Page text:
Prominent dissident author Lev. Z. Kopelev and his wife today received Soviet permission to travel abroad for a year, ending months of uncertainty about the fate of a couple who have been under attack and reprisal for their activities.

Kopelev, 68, said he and Raisa Orlova, his wife, will leave the Soviet Union next month to accept a year's invitation from West German novelist and friend Heinrich Boll to research and write in West Germany. A noted scholar of German literature, Kopelev said the Soviet approval "is hard to believe, a dream come true," that should enable him to finish what he calls his life's work, an interpretation of the image of Russia in German literature.

Early this year, Kopelev was attacked as a "Judas" by the Communist Party newspaper Pravda, which called his small Moscow apartment "a nest of ideological subversion and meeting place of Western emissaries." The attack came after the writer, whose memoirs of his years in Stalinist labor camps have been published in the West but suppressed here, denounced the internal exile of dissident leader Andrei Sakharov.

Mrs. Kopelev, 62, later was expelled from the Communist Party and the official Writer's Union in the same crackdown against Soviet inttellectuals who dared speak up in defense of Sakharov after he was banished Jan. 22 to the closed city of Gorki, 200 miles east of Moscow.

The Kopelevs said they plan to return here when their Soviet international passports expire next year. Kopelev declined the first Boll invitation three years ago, out of fear the Soviets would not allow him to return to Russia to rejoin his wife.

Mrs. Kopelev, a specialist in American literature, was a well-known lecturer here until her husband's activism led authorities to cancel her tours. l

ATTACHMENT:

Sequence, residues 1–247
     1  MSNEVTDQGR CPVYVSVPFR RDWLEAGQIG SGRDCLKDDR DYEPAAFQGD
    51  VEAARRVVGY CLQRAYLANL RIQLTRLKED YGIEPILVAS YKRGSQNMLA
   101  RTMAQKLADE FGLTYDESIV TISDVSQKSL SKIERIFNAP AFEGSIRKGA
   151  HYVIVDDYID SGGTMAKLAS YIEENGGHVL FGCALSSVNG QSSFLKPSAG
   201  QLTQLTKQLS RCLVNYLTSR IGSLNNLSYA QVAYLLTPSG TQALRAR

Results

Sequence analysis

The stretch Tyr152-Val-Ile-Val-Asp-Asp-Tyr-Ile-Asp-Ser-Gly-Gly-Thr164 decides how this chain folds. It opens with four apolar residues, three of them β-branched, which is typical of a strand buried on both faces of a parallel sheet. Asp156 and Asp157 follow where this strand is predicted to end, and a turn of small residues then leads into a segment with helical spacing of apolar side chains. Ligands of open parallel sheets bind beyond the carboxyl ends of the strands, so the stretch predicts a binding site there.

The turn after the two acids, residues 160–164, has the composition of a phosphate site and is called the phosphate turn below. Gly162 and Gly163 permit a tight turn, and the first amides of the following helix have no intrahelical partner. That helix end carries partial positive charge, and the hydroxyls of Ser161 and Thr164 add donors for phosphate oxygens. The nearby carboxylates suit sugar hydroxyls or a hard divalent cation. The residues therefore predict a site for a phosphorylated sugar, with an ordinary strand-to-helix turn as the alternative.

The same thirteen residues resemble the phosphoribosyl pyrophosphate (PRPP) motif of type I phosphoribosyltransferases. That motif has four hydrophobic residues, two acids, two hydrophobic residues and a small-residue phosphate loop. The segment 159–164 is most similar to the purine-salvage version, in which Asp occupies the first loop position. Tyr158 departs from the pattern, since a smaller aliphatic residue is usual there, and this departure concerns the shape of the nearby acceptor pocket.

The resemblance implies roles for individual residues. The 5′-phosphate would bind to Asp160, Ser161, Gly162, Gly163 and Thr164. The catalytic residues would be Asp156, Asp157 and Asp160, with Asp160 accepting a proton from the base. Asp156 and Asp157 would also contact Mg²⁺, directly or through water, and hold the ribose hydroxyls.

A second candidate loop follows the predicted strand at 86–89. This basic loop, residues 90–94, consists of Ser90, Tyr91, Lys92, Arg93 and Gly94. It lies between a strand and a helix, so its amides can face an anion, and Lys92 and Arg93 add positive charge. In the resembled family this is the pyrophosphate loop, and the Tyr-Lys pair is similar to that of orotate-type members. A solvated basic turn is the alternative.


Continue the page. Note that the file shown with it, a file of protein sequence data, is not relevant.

Kopelev, a barrel-chested, white-bearded man, robust despite heart and liver troubles that are a legacy of his nine years in the camps, has occupied a unique position in Moscow's intellectual community, counseling young writers, speaking up in defense of longtime friend Sakarov, and espousing freedom of expression in the society. The Kopelev's apartment for years has been a major meeting point for Soviet intellectuals of every age and profession.

His first camp memoir, "To Be Preserved Forever," was published in the United States in 1977. A second volume, "Confessions of a True Believer," has just appeared, to favorable reviews. Neither book could be published here, and his scholarly official works on German literature have all been suppressed.

The authorities' decision to grant the couple passports is in line with their handling of another well-known dissenting author, Vasili Aksyonov, who was permitted last summer on a two-year passport and now lives in Ann Arbor, Mich. Vladimir Voinovich, the dissident satirist, also has applied to visit West Germany, but has received no official answer yet.

The kopelevs have family here and he has a daughter by a previous marriage who lives in Tarrytown, N.Y.

In a related development, the official news agency Tass today defended Moscow's record of justice in dealing with political or religious dissidents. Commenting on the trial of Viktor Kapitanchuk, a religious dissident who has pleaded guilty to anti-Soviet activities, Tass said his criticism of Soviet justice was "slanderous."

Tass denied Kapitanchuk's charge that innocent persons were subjected to criminal prosecution because of their beliefs. The same is true of allegations of psychiatric abuse, Tass said, "since the persons he mentioned have really been suffering from mental diseases for prolonged periods and in view of this were treated in psychiatric hospitals."

Kapitanchuk, 35, secretary of the Christian Committee for the Defense of Believers' Rights, was charged with printing and distributing anti-Soviet materials with the help of Westerners, notably correspondents accredited here. m

Kapitanchuk, who is currently on trial, could get a maximum sentence of seven years in labor camp and five years' internal exile.